Romania tops the classification of countries with the highest number of investigations conducted by the European Anti-Fraud Office - OLAF in 2017.
The European Anti-Fraud Office known as OLAF announced that in 2017 alone it conducted 197 investigations, which resulted in 309 recommendations and the recuperation of 3 billion Euros that retuned to the EU budget. A common element of the finalized investigations was the existence of a secret understanding between the winner of a tender and either a consultant or the very beneficiary of the funds.
The conflict of interests was another common element of the investigations, involving politicians and large-scale public procurement projects. According to the European media, three countries in the east of the EU, Romania, Hungary and Poland were allegedly the countries with the most intense anti-fraud investigations. According to the acting Director General of OLAF, British Nicholas Ilet, there is no link between the number of investigations and the level of corruption in a certain country. He says that if there is a substantial investigation, it means that there is a good cooperation between OLAF representatives and a certain country or that OLAF benefits from much information about that country.
There are 11 investigations targeting the use of European funds in Romania which is the leader in a classification of countries with anti-fraud investigations finalized in 2017. Illustrative of the situation are two investigations related to projects funded through the European fund for regional development. The representatives of a city hall, which was the beneficiary, made an understanding with the representatives of the company that had drafted the technical projects for the building of a road, according to which they established restrictive criteria in the documents to be used at the tender.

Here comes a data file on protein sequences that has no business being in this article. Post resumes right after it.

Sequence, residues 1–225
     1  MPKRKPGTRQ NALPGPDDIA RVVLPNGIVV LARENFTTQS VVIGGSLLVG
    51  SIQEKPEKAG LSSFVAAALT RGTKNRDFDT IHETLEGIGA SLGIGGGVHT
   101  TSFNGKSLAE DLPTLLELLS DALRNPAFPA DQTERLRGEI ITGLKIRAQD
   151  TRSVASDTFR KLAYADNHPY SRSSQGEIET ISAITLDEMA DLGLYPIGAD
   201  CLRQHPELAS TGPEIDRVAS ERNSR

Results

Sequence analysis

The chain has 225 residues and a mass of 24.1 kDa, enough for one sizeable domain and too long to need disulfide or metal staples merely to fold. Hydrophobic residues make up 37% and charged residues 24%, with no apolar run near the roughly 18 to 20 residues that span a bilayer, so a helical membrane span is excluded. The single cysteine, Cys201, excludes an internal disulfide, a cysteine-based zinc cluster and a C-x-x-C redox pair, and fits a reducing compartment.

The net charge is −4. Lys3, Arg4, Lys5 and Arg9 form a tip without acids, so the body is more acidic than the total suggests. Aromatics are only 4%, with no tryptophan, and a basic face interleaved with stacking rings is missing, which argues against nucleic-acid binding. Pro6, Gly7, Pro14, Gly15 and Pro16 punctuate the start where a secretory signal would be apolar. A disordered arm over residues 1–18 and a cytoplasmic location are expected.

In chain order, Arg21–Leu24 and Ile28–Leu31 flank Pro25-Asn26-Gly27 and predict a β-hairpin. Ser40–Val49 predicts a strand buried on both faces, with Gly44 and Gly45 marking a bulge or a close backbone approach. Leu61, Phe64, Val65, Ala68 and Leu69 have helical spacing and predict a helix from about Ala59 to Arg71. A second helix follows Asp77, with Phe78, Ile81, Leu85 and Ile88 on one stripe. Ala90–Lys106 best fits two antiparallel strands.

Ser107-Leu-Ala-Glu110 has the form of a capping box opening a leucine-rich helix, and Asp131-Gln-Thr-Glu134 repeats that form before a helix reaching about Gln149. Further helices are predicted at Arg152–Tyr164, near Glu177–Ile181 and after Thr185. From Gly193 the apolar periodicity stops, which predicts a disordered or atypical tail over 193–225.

In this way, they created an advantage for a certain company that won the tender, with the rest of the participants in the tender being rejected from the very start of the initial assessment stage. The sides involved forged a lot of documents including the technical project of the road, the OLAF representatives concluded. They calculated the financial loss from the EU budget as standing at 21 million Euros. OLAF recommended the Directorate-General for Regional and Urban Policies of the European Commission to recuperate the entire amount of money and forwarded judicial recommendations to the National Anti-Corruption Directorate in Bucharest to take legal action against the aforementioned entities.
In November 2017 the prosecutors of the National Anti-Corruption Directorate indicted several high-ranking politicians for fraud in EU-funded projects, the setting up of a criminal group and abuse of office for personal gains. In order to recuperate the loss, they confiscated the assets and blocked the bank accounts of the people involved in the fraud. In a different, trans-national case, the European Anti-Fraud Office managed to stop an intricate fraud scheme through which community funds worth more than 1.4 million Euros were embezzled. The money was to be used for building emergency response hovercraft prototypes. The investigation revealed irregularities in a research and innovation project that had been won by an Italian-led European consortium with partners from France, Romania and Great Britain.